Metabolic Acidosis is an acid-base imbalance resulting from excessive absorption or retention of acid or excessive excretion of bicarbonate produced by an underlying pathologic disorder. Symptoms result from the body’s attempts to correct the acidotic condition through compensatory mechanisms in the lungs, kidneys and cells.
Metabolic acidosis is characterized by normal or high anion gap situations. If the primary problem is direct loss of bicarbonate, gain of chloride, or decreased ammonia production, the anion gap is within normal limits. If the primary problem is the accumulation of organic anions (such as ketones or lactic acid), the condition is known as high anion gap acidosis. Compensatory mechanisms to correct this imbalance include an increase in respirations to blow off excess CO2, an increase in ammonia formation, and acid excretion (H+) by the kidneys, with retention of bicarbonate and sodium.
High anion gap acidosis occurs in diabetic ketoacidosis; severe malnutrition or starvation, alcoholic lactic acidosis; renal failure; high-fat, low-carbohydrate diets/lipid administration; poisoning, e.g., salicylate intoxication (after initial stage); paraldehyde intoxication; and drug therapy, e.g., acetazolamide (Diamox), NH4Cl.
Normal anion gap acidosis is associated with loss of bicarbonate form the body, as may occur in renal tubular acidosis, hyperalimentation, vomiting/diarrhea, small-bowel/pancreatic fistulas, and ileostomy and use of IV sodium chloride in presence of preexisting kidney dysfunction, acidifying drugs (e.g., ammonium chloride).
This condition does not occur in isolation but rather is a complication of a broader problem that may require inpatient care in a medical-surgical or subacute unit.
- Plans of care specific to predisposing factors
- Fluid and electrolyte imbalances
- Renal dialysis
- Respiratory acidosis (primary carbonic acid excess)
- Respiratory alkalosis (primary carbonic acid deficit)
- Anaerobic carbohydrate metabolism
- Renal insufficiency and failure
- Diarrhea and intestinal malabsorption
- lactic acidosis
- prolonged fasting
- salicylate poisoning
- oliguric renal disease
- abnormal bicarbonate losses, which can occur in loss of fluid from the lower GI tract from surgery, drains or severe diarrhea
- Cardiac arrest
Signs and symptoms
- drowsiness and confusion
- increased respiratory rate and depth
- nausea and vomiting
- diminished cardiac output with pH below 7, which results in hypotension, cold clammy skin and cardiac arrhythmias.
- May report: Lethargy, fatigue; muscle weakness
- May exhibit: Hypotension, wide pulse pressure
- Pulse may be weak, irregular (dysrhythmias)
- Jaundiced sclera, skin, mucous membranes (liver failure)
- May report: Diarrhea
- May exhibit: Dark/concentrated urine
- May report: Anorexia, nausea/vomiting
- May exhibit: Poor skin turgor, dry mucous membranes
- May report: Headache, drowsiness, decreased mental function
- May exhibit: Changes in sensorium, e.g., stupor, confusion, lethargy, depression, delirium, coma
- Decreased deep-tendon reflexes, muscle weakness
- May report: Dyspnea on exertion
- May exhibit: Hyperventilation, Kussmaul’s respirations (deep, rapid breathing)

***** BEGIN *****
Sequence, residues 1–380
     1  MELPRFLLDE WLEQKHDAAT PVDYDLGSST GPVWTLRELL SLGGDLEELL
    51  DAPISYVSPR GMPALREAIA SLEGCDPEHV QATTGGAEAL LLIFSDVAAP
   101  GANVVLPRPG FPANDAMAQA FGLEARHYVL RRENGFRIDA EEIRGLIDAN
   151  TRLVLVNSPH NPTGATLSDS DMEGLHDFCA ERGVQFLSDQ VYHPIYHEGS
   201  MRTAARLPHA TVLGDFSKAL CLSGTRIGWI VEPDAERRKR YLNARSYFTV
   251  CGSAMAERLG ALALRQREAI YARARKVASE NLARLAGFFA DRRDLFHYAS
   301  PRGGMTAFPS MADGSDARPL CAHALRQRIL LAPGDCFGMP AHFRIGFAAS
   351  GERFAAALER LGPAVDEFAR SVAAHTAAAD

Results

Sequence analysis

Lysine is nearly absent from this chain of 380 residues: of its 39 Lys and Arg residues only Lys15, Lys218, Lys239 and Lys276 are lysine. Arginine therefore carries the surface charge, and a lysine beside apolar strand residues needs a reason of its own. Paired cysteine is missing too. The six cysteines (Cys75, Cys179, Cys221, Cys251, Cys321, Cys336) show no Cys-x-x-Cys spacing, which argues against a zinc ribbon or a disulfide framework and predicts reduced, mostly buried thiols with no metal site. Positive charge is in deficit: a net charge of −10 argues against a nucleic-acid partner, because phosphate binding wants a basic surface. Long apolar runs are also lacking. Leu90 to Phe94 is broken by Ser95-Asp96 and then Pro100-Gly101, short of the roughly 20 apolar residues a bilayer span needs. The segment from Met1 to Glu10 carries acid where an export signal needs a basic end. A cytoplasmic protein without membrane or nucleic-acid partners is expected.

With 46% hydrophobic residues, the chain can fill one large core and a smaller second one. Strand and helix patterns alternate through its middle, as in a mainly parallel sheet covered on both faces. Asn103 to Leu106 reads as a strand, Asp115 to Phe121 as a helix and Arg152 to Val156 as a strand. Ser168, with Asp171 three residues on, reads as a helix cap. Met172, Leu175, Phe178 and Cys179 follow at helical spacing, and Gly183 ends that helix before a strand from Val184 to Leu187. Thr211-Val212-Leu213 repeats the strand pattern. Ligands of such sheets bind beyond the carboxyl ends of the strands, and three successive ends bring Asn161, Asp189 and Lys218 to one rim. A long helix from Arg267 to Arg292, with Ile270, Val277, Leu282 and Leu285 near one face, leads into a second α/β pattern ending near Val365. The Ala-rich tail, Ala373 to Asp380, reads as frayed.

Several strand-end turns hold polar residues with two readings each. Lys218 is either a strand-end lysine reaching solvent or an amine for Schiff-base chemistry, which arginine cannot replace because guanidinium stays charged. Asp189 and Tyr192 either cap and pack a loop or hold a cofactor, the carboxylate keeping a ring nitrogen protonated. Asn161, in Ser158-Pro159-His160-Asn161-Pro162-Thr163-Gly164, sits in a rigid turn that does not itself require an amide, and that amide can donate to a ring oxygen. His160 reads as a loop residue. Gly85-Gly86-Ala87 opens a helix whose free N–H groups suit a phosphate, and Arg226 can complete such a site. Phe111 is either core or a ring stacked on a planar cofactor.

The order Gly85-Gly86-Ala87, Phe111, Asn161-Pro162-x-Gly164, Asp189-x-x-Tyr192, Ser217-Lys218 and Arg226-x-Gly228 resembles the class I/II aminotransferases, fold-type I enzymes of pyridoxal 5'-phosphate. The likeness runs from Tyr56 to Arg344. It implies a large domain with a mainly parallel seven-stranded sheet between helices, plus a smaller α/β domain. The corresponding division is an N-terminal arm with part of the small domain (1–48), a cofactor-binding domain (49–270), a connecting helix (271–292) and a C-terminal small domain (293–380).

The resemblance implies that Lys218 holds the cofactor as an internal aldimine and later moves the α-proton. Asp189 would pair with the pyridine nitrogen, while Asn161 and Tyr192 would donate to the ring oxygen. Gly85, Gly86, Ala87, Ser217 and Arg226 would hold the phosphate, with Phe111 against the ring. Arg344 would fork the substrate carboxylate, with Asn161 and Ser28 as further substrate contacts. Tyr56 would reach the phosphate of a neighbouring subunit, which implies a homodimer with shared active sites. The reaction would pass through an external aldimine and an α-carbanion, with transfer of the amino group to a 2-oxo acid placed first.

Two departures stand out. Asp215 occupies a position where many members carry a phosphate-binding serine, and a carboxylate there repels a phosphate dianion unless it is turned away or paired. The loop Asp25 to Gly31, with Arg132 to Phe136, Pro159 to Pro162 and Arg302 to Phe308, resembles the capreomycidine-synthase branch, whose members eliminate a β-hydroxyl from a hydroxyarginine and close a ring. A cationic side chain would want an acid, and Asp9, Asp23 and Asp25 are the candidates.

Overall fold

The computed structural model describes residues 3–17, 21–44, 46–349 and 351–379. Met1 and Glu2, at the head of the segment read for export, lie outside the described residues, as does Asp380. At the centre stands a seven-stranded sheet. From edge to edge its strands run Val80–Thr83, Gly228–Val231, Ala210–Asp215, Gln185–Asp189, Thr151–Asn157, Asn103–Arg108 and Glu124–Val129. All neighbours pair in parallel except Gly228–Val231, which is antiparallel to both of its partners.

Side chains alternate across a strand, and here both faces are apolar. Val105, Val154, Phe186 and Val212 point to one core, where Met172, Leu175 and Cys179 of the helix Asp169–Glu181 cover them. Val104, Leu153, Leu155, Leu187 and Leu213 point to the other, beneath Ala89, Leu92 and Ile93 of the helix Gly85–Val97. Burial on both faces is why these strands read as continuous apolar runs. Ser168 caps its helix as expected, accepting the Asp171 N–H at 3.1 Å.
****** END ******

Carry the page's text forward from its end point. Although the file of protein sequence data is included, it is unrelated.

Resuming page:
- May report: Transfusion of blood/blood products
- Exposure to hepatitis virus
- May exhibit: Fever, signs of sepsis
- History of alcohol abuse
- Use of carbonic anhydrase inhibitors or anion-exchange resins, e.g., cholestyramine (Questran)
- CONFIRMING DIAGNOSIS: Arterial pH below 7.35 confirms metabolic acidosis. In severe acidotic states, pH may fall to 7.10 and the partial pressure of arterial carbon dioxide may be normal or below 34 mmHg. Bicarbonate may be below 22 mEq/L.
- Urine pH: below 4.5 in the absence of renal disease.
- Serum potassium levels: above 5.5 mEq/L from chemical buffering.
- Glucose levels: above 150 mg/dl in diabetics.
- Arterial pH: Decreased, less than 7.35.
- Bicarbonate (HCO3): Decreased, less than 22 mEq/L.
- Paco2: Less than 35 mm Hg.
- Base excess: Negative.
- Anion gap: Higher than 14 mEq/L (high anion gap) or range of 10–14 mEq/L (normal anion gap).
- Serum potassium: Increased (except in diarrhea, renal tubular acidosis).
- Serum chloride: Increased.
- Serum glucose: May be decreased or increased depending on etiology.
- Serum ketones: Increased in DM, starvation, alcohol intoxication.
- Plasma lactic acid: Elevated in lactic acidosis.
- Urine pH: Decreased, less than 4.5 (in absence of renal disease).
- ECG: Cardiac dysrhythmias (bradycardia) and pattern changes associated with hyperkalemia, e.g., tall T wave.
- Achieve homeostasis.
- Prevent/minimize complications.
- Provide information about condition/prognosis and treatment needs as appropriate.
- Physiological balance restored.
- Free of complications.
- Condition, prognosis, and treatment needs understood.
- Plan in place to meet needs after discharge
Nursing Care Plan
Main Article: Metabolic Acidosis Nursing Care Plan
- Administration of sodium bicarbonate I.V. for severe cases
- Evaluation and correction of electrolyte imbalances and ultimately correction and management of the underlying cause.
Nursing Interventions & Considerations
- Keep sodium bicarbonate ampules handy for emergency administration.
- Monitor vital signs, laboratory results and level of consciousness frequently.
- Watch out for signs of decreasing level of consciousness.
- Record intake and output accurately to monitor renal function.
- For management of vomiting (common to metabolic acidosis), position the patient to prevent aspiration.
- Prepare for possible seizures and administer appropriate precautions.
- Provide good oral hygiene after incidences of vomiting. Use sodium bicarbonate washes to neutralize acid in the patient’s mouth.
- Acid-Base Imbalances
- Metabolic Acidosis Nursing Care Plan